I felt I'd been drinking a bit too much in the previous weeks—more than what I usually drink, which might be already too much. I was thinking of taking a few days, perhaps a week, off the booze after Vysmolení (where, by the way, I had great time! Thanks everyone at Černoskotelecký Pivovár for letting me crash at the brewery, like every year—and this one in particular, for carrying me to bed). The Jurassic hangover I woke up with the next day made the decision very easy.
To be honest, I don't know what I was expecting of this attempt, but it wasn't hard; at all. Yes, there were times when I fancied a beer, especially while preparing dinner, but they were fleeting moments; as if I suddenly realised that something was missing from the alchemical ritual of transmuting produce and other ingredients into something greater than the sum of their parts, only to see that it's not that important; its absence wouldn't affect the outcome.
By the third day, I think, what I was feeling wasn't thirst or cravings or withdrawal; it was apathy. My interest in beer was no greater than that of any other topic I like reading about. Maybe it was a defence mechanism—you can't crave something you aren't interested in (it also helped that I had a pretty busy week that didn't leave time to hit the pubs. Though I did walk past a couple of old favourites, without feeling tempted to walk in). In any case, I wasn't counting the hours or days that I'd spent without a drop/until I would taste beer again.
I didn't complete the week, however. We had a trip to Ríp planned for last Saturday with the families of some of my daughter's classmates. It was a fine day, despite being around way too many children (anything more than one—my own—is way too many, actually).
After walking a couple of kilometres between fields from the Ctiněves train station, we climbed that legendary hill from the steepest side. I was the first to make the summit (that sounds grandiose; it's only a bit over 450m high). At the top, there's a wasted opportunity that passes for a watering hole; a place run by professional notgivingashitters who know that the people who make it all that way up will eat and drink whatever crap they are sold (to give them credit, though, the prices are at least reasonable). As approached it, I told myself Fuck it! I'd proven that I can go days without booze and suffer no consequences, and went to get a beer. It'd be a sin not to—some rituals must be observed to their fullest.
The beer they have is Bakalář (perhaps because they get it cheaper than others, or it's the only company willing to deliver there), served in plastic cups, of course. After patiently queueing, I got my velká 11° and found a place to sit under a tree and enjoy my reward.
It was crap. You can't see the taps from the window, but judging from the looks of the head, my pint was not served in one pour, and I'd wager that a no small part of it was the drips from previous pours, as the beer was likely foaming too much; all dispensed from taps that I doubt are cleaned as often as they should.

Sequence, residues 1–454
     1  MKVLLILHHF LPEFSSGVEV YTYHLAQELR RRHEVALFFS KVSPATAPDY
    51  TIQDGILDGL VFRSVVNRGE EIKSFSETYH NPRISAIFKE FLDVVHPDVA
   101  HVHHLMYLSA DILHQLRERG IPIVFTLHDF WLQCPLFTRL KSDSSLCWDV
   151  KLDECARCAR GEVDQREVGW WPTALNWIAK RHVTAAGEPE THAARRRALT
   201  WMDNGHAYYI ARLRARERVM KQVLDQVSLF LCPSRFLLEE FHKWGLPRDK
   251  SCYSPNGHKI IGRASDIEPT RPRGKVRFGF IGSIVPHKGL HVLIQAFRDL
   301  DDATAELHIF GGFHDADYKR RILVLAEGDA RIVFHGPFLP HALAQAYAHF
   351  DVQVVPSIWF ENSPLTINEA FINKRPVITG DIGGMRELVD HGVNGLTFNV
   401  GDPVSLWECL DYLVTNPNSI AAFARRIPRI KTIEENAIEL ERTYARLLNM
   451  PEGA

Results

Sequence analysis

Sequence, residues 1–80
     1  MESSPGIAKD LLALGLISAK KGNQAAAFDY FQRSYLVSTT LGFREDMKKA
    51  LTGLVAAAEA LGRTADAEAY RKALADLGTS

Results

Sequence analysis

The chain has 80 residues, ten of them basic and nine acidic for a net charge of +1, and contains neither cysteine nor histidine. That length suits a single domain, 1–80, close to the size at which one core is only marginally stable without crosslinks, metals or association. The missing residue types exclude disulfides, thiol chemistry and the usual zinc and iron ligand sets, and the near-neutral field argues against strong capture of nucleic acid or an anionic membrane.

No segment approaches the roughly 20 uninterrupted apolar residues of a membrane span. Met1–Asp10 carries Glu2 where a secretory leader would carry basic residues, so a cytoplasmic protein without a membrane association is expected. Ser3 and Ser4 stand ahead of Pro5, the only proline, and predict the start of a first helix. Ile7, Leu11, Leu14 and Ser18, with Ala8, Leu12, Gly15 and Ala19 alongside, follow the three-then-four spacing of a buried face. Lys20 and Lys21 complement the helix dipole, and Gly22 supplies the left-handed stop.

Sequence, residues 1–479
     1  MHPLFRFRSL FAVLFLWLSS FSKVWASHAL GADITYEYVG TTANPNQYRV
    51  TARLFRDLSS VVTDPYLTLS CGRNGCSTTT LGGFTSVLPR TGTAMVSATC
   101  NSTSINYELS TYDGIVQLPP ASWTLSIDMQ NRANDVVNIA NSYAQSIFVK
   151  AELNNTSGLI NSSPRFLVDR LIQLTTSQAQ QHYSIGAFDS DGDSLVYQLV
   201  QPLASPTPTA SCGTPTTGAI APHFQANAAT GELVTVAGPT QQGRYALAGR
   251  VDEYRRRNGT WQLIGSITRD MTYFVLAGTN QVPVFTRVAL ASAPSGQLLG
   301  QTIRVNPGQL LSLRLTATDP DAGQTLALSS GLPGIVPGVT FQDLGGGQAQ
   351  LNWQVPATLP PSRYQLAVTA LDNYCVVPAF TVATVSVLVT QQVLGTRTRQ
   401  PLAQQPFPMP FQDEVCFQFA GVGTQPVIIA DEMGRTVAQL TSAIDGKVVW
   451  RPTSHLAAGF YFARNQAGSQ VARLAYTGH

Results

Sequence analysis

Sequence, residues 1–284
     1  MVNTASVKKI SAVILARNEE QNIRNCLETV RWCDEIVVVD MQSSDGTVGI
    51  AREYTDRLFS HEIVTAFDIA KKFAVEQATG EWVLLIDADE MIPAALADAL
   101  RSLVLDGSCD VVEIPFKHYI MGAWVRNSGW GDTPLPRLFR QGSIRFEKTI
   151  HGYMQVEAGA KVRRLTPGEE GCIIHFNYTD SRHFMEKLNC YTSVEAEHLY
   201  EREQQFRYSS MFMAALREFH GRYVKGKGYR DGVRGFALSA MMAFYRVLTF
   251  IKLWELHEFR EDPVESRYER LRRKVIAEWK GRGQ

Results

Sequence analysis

I finished it, I was really thirsty and needed to drink something more than mineral water, but I didn't feel like having a second one, I had an ice-cream instead. Yeah, that's how crap it was: after almost a week of not even sniffing a beer, and having walked several kilometres and climbed a hill in the middle of a warm, humid day, I didn't feel like having a second pint.
But the day didn't end there.
After a rather funny situation with the train back to Vraňany, where we had left our cars (the train that we were waiting Vraždov had broken down, but the machinist came to pick us up with a bus and took us to another station, where he would get another engine running so we could go to our destination), the day went on at the house of one of the families of the group. When the rain stopped, we made a fire in the garden to roast špekáčky, while the kids played. The host went to the local pub to fetch some beer with a couple of empty plastic bottles. I was offered some, which I gladly accepted; more out of politeness than crave—again, the ritual. It was Svijany Fanda this time, and was OK, but after finishing the small glass I'd been given, having another one didn't even cross my mind—apathy had once more taken over.
Since then (Saturday evening) and now (Monday late afternoon), I've only drunk one of the bottles UzenejŽitnýVideňák (a.k.a. Mad Max, the beer that Pivovarský Dům brewed on my recipe, or idea) that had been lingering in the fridge for 10 days, while watching a film last night; almost ritually.
What did I get from all this? I don't know, really. Not drinking for a few days is fine—and I'm sure my liver appreciated it—but not something to be proud of. Perhaps what I've realised is that, at least for me, beer is more than anything else, a part of a ritual: cooking, having dinner, a reward, an accessory in a social meeting. Come to think of it, that's nothing new.
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